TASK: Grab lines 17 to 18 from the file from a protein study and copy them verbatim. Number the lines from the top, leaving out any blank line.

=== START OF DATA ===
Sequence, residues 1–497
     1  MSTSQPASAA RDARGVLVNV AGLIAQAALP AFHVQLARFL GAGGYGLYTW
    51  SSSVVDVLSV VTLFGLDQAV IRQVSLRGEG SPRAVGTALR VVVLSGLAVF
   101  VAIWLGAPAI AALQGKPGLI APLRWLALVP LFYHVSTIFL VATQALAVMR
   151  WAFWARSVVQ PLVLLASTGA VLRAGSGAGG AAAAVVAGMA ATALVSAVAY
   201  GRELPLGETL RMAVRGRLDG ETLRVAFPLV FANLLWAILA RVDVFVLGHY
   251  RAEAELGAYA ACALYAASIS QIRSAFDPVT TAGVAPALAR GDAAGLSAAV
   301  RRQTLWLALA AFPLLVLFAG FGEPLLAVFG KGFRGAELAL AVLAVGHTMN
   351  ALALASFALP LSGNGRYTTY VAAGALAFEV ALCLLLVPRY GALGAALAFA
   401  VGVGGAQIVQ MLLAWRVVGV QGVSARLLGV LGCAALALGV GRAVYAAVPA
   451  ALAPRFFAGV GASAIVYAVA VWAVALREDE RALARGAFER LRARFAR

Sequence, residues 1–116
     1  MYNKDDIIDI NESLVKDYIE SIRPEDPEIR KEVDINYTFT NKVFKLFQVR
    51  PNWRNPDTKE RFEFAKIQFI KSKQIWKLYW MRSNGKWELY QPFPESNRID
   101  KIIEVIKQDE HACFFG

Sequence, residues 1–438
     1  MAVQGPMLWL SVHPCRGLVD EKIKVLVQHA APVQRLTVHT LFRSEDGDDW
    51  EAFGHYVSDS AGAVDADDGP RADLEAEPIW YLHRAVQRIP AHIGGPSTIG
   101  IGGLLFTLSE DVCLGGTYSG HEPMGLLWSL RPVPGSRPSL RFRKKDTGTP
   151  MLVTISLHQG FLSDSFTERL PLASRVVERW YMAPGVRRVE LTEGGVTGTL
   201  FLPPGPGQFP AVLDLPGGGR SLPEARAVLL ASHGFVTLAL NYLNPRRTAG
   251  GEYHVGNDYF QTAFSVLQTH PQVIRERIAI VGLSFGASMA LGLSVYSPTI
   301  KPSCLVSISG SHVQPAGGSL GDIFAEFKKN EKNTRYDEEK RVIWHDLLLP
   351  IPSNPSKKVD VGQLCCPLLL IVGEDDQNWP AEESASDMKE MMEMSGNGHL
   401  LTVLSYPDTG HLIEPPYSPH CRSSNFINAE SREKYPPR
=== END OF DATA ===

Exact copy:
     1  MAVQGPMLWL SVHPCRGLVD EKIKVLVQHA APVQRLTVHT LFRSEDGDDW
    51  EAFGHYVSDS AGAVDADDGP RADLEAEPIW YLHRAVQRIP AHIGGPSTIG